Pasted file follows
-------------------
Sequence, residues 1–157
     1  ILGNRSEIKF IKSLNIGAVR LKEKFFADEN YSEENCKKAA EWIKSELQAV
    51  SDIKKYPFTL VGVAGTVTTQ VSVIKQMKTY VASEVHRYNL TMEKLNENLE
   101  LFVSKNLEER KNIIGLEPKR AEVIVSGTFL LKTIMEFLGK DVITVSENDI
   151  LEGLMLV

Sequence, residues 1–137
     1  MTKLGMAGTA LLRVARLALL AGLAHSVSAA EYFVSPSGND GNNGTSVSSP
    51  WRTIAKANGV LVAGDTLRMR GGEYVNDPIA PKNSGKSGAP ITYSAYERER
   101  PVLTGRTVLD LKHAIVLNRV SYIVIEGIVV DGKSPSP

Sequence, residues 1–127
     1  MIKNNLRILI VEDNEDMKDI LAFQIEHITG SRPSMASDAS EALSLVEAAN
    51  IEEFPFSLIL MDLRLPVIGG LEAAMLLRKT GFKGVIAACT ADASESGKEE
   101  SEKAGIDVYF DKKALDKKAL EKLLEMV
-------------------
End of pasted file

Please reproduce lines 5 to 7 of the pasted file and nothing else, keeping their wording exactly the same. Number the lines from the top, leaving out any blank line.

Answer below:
   151  LEGLMLV

Sequence, residues 1–137
     1  MTKLGMAGTA LLRVARLALL AGLAHSVSAA EYFVSPSGND GNNGTSVSSP